On this year’s International Women’s Day, we launched the Mozilla Curriculum Workshop, a brand new webcast series meant to answer the question, “How can I use the web to teach and learn about the things that matter to me?” Amira Dhalla and I co-host the program, Paul Oh produces, and a stellar group of teammates work behind-the-scenes to make the show possible.
Each episode begins with a conversation about the challenges and opportunities we face in teaching and learning about topics like women’s education, the Internet of Things, and youth civic engagement. After we share a bit about ourselves and our guests, our work, and our beliefs, we begin pitching ideas for curricular prototypes that could help solve some of the problems we see.
Once we come to a consensus on what to prototype and how to begin, we do a short production sprint on-air and talk through our work to model collaborative curriculum development in real time. We work on our prototype (or prototypes) for the rest of the episode and invite viewers to contribute directly to that work through participation on an embedded etherpad and in any shared documents we create during the broadcast.
On our first episode, we prototyped a framework for successful mentor-mentee relationships between women tech professionals and young women learning technical and career skills. We were joined by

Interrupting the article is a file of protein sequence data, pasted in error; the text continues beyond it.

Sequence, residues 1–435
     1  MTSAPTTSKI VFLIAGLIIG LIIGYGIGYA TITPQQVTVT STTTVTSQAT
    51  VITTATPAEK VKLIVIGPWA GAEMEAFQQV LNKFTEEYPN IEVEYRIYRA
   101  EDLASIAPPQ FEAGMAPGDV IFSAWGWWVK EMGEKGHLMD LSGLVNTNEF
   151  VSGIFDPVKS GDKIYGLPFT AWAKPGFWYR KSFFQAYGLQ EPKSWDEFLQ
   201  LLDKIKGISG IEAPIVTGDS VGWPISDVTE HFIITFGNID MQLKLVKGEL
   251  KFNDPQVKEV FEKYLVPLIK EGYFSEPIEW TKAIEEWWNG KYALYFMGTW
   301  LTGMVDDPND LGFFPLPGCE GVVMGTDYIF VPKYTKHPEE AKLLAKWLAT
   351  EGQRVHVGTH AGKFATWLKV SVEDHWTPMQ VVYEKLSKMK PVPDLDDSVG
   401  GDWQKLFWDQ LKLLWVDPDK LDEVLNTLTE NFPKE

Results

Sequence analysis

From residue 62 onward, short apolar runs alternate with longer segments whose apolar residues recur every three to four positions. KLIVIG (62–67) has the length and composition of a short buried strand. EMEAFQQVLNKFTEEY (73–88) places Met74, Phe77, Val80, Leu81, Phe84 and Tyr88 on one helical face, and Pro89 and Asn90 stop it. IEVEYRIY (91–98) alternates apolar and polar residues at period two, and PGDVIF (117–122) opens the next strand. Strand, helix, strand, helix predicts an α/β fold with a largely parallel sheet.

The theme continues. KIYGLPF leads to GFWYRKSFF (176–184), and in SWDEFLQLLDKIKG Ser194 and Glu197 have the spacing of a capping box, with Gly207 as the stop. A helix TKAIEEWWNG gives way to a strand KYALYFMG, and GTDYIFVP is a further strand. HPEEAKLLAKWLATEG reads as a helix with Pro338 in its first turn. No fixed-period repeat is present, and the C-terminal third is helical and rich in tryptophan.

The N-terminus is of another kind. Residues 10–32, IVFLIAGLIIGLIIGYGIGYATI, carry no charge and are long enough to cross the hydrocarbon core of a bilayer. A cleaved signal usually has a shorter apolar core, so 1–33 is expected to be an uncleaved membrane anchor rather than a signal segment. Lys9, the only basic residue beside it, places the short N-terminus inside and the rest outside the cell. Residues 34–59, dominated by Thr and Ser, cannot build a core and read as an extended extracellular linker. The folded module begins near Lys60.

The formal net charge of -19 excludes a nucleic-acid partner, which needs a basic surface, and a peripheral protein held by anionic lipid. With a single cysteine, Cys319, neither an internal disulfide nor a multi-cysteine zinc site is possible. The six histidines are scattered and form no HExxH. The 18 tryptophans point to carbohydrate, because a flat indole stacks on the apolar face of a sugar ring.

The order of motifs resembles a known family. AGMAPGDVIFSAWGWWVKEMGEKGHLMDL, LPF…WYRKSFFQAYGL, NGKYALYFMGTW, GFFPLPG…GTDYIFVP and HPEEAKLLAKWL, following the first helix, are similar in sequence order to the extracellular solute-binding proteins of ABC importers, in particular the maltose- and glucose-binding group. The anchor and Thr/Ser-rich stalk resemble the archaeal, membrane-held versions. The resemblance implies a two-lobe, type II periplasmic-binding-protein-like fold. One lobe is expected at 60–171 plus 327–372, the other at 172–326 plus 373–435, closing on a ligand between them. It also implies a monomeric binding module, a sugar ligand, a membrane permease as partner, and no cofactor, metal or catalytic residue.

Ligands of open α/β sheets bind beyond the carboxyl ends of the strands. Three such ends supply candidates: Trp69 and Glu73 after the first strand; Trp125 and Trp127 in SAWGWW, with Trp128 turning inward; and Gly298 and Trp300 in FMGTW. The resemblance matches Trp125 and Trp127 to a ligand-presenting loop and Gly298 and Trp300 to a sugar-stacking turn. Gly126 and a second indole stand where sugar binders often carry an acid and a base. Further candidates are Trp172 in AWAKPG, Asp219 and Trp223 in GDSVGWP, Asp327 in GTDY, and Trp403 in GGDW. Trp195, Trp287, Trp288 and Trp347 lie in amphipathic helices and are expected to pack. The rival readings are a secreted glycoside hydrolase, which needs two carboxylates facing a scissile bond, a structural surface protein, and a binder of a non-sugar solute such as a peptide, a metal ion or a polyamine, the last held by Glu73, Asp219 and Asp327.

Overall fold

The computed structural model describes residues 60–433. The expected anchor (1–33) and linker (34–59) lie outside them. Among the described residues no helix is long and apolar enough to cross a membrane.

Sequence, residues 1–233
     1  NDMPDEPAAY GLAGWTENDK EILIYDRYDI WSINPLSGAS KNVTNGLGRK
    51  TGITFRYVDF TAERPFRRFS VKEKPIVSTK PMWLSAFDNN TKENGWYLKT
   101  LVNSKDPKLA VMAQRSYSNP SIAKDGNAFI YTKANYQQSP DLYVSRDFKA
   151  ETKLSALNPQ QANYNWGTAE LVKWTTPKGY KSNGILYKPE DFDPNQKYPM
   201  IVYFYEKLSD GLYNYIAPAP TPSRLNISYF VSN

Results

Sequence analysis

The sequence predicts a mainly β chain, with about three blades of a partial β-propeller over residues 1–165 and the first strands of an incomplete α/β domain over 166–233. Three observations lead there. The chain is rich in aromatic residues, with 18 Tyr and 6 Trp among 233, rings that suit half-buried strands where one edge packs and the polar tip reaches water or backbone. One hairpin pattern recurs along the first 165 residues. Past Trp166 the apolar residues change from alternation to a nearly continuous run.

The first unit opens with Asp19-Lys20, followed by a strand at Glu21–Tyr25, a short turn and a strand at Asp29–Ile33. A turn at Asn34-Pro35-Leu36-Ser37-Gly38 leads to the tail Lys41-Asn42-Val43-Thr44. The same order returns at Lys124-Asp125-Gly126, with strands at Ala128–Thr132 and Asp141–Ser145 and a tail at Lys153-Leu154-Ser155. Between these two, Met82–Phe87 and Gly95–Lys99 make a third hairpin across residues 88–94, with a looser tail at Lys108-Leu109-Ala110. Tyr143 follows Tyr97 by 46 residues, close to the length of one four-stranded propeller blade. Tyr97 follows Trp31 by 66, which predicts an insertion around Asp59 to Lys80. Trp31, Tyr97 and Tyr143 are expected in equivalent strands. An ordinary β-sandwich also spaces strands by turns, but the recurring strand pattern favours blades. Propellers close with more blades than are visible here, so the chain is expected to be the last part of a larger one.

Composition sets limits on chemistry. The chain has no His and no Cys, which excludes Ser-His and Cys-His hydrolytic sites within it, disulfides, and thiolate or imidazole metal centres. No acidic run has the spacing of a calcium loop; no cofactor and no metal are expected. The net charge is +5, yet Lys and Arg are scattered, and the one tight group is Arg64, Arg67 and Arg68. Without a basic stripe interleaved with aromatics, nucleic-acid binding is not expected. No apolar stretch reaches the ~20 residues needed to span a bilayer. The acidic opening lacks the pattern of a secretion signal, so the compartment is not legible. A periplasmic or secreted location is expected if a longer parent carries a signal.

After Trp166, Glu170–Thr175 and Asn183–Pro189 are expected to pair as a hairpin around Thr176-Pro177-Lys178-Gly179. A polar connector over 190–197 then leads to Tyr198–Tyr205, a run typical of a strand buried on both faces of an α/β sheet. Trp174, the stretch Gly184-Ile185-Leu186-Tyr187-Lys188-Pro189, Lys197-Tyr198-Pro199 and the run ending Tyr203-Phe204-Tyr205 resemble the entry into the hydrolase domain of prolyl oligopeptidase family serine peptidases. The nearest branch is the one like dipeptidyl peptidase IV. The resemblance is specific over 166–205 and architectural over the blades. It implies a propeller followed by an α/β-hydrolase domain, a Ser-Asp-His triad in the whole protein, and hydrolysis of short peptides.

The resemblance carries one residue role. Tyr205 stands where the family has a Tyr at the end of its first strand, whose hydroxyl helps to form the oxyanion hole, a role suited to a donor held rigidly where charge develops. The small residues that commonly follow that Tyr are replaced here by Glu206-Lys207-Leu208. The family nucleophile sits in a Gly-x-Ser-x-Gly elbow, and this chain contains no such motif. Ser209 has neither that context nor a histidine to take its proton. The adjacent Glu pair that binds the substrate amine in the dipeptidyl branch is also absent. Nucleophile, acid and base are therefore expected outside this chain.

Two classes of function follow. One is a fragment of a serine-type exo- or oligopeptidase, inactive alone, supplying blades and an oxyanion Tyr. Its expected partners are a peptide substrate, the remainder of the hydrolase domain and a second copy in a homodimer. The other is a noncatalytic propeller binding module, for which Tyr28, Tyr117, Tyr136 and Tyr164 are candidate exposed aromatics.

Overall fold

- Ingrid Dahl, Senior Director of Education and Field Building at the Bay Area Video Coalition in San Francisco, CA.
- Claire Shorall, founder of Teachers Teach Computer Science and Manager for Computer Science in the Oakland Unified School District, Oakland, CA.
- Kim Wilkens, founder of Tech-Girls, and SPARK! in Charlottesville, VA, and co-director the K-12 computer science program at St. Anne’s-Belfield School.
Here’s how it looked in action:
Transcripts of the etherpad, chat, and shared documents from each episode make their way to this GitHub repo for the community to fork and develop after a webcast has ended. You can grab work from the first episode and join our Google Doc right now to iterate the project for your local community and Mozilla communities around the world. You can also discuss each episode on Discourse, our online public forum.
The webcast airs at 8 PM ET on the second Tuesday of each month. Once we have a few episodes wrapped, we’ll begin alternating our broadcast time to better serve our global audience of educators and mentors in the #teachtheweb community. We’ll begin archiving past episodes on our landing page in the near future.
We hope to see you on-air, in the chat, or joining us in prototyping and iterating with the community!